The Dalai Lama is also an honest man. At the very beginning of his talk, he made it clear to his audience that if you’re looking for a miracle, you’re essentially barking up the wrong tree—His Holiness doesn’t do miracles and he can’t cure you. (more…)

Boss’s Day is Tuesday, Oct. 16

Monday, October 15th, 2007

Have you interofficed your card yet?

Probably not… Because you either didn’t know of the existence of Boss’s Day (yes, it’s a real day), or you simply refuse to have anything to do with it, for legitimate reasons galore, I am sure.

Well, here are some ideas (incentives, maybe?) at in case you are thinking about sending a card.

Be sure to also check out the newly relaunched

Social Conscience and Shameless Self-Promotion

Monday, October 15th, 2007

Last week, I went to a book party forgrip.jpg Frances Moore Lappé, inspirational author and activist, and inspirational mother of Anna Lappé and Anthony Lappé. In addition to writing about the place of the individual in politics and society, she published Getting a Grip: Clarity, Creativity, and Courage in a World Gone Mad in a totally individual way. Eschewing traditional publishers, she decided to “walk the walk” and form Small Planet Media to retain full control over the creative aspects and production values of the book. She found a union printer willing to print with soy ink on recycled paper and adopted a Creative Commons copyright to help encourage the dissemination of the book’s message. Buy a copy here, or check out a short webumentary first. I’m just sorry your screening won’t come with awesome vegan hors d’oeuvres.

banr.jpgIn other book news, Not Quite What I Was Planning is coming together quickly. We’ve gotten some early press, and some of the book’s best six-word memoirs are taking a warm-up run in the Best American Nonrequired Reading 2007, available now.

Housing Horrors

Thursday, October 11th, 2007

This week’s question:

On the possible verge of a national housing crisis, we wondered: What was your worst personal housing disaster?

Next week’s question:
What was your best, weirdest, funniest, most controversial, or just-plain favorite Halloween costume ever?

66 Celebrities Who Blog

Thursday, October 11th, 2007

We tend to steer clear of celebrities unless they play well with the rest of us—and mesh with our storytelling mission. In our Brushes With Fame area, for example, readers write about celebrities landing, alien-like, on their turf (at say, the urologist’s office). And one of the many things that we love about gathering six-word memoirs is that we can showcase the short life stories of never-published writers right next to those of chart busting wow-I’m-on-Oprah authors.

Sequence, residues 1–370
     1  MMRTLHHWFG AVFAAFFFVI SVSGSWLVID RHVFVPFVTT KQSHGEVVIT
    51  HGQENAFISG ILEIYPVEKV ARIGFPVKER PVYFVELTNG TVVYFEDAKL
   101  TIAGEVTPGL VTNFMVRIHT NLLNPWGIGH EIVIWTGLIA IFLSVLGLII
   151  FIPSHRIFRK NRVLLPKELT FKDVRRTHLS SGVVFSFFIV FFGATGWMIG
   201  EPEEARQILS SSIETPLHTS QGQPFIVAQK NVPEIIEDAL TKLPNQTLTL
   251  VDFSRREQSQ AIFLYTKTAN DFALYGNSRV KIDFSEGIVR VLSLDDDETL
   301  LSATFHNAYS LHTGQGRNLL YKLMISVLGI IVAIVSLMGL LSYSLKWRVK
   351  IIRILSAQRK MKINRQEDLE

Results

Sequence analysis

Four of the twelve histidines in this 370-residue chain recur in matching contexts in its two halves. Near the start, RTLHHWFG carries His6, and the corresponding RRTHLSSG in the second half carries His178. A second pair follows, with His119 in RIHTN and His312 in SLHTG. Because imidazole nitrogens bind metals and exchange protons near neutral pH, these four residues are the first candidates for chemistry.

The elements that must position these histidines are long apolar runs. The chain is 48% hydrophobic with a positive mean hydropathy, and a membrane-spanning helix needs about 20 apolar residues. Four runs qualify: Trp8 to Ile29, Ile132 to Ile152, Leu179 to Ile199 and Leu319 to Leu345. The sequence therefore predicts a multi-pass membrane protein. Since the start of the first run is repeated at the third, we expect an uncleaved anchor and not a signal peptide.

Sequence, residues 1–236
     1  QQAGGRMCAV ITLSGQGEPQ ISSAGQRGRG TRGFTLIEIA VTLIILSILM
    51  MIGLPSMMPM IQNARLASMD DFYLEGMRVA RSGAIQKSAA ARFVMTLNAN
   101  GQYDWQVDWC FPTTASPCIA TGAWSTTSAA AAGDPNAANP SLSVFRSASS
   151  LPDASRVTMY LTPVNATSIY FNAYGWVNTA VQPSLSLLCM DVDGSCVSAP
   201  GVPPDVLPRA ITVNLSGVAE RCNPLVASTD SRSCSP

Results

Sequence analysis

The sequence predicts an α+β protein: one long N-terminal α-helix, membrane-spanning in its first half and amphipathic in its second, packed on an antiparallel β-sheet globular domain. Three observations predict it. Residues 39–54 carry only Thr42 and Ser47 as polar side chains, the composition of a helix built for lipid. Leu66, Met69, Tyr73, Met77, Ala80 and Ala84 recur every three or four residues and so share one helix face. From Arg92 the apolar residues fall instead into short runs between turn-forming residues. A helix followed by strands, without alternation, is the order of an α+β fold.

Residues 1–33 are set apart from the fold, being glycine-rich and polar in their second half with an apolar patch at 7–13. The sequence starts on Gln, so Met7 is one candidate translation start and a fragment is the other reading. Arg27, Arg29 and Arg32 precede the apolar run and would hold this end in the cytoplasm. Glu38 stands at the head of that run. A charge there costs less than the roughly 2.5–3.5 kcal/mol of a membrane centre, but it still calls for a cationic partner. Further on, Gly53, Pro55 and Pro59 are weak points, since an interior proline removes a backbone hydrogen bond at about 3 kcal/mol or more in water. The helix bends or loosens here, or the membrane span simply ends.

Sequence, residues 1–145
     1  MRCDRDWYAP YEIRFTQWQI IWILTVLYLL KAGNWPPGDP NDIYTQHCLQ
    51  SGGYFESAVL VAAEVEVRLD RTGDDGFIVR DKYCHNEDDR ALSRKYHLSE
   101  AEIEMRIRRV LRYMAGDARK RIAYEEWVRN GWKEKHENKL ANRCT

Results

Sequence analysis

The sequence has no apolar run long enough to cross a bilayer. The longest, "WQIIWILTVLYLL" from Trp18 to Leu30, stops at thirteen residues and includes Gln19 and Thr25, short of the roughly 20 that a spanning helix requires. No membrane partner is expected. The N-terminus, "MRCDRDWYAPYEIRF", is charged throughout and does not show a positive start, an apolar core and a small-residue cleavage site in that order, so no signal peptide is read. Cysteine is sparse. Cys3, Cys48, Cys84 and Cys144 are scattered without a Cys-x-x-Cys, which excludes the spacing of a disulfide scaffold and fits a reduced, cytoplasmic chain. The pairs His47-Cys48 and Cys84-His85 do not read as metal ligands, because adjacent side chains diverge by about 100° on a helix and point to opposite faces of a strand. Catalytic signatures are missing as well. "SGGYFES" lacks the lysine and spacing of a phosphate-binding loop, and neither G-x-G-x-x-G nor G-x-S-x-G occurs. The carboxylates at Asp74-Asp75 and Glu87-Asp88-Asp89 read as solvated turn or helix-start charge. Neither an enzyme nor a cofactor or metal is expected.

It’s in that spirit that I give you a post on Cowboy Gossip that lists 66 celebrities who blog. I’m fairly certain that this list is the only time in history where Rosie O’Donnell and Tommy Lasorda have appeared together, and co-exist as just two crazy kids blogging about their life, be it about gay parenting or the joys of baseball in October (far from mutually exclusive, of course). The beauty of blogging is that it’s a level playing field, one where a Hairstory and the Dude’s story are all just a click away—and only as good as their last post.

Rosie from Flickr user no-frills marilyn; Tommy from Flickr user CJM. Thanks to to SG for the tip.

Goodbye Cruel World

Wednesday, October 10th, 2007

Is the web the new zine? And are literary magazines dead? A harsh but well-written blog polemic claims the answers are yes and yes. I’m curious to hear what our readers think, but for now I’m feeling my “campaign to save book reviewing” feeling—can’t we all just get along??

UPDATE: The rather terrific nonfiction lit mag The Crier is on financially necessitated hiatus. Hmm.

CALL FOR SUBMISSIONS: Six Words on Your Evil Boss

Monday, October 8th, 2007

hatejobbook.jpgHappy Monday. If you don’t have Columbus Day off—and one wonders how it can still be a national holiday except in, say, Arizona—then you’re probably not psyched to be at work and staring at your overpaid, demanding, unappreciative, and possibly even ungroomed boss. We feel you. And so do our friends at True Office Confessions. Taking a page out of our six-word book, TOC is seeking six-word reviews of your boss. Submit your best six here.

Book shot from Flickr user candrews.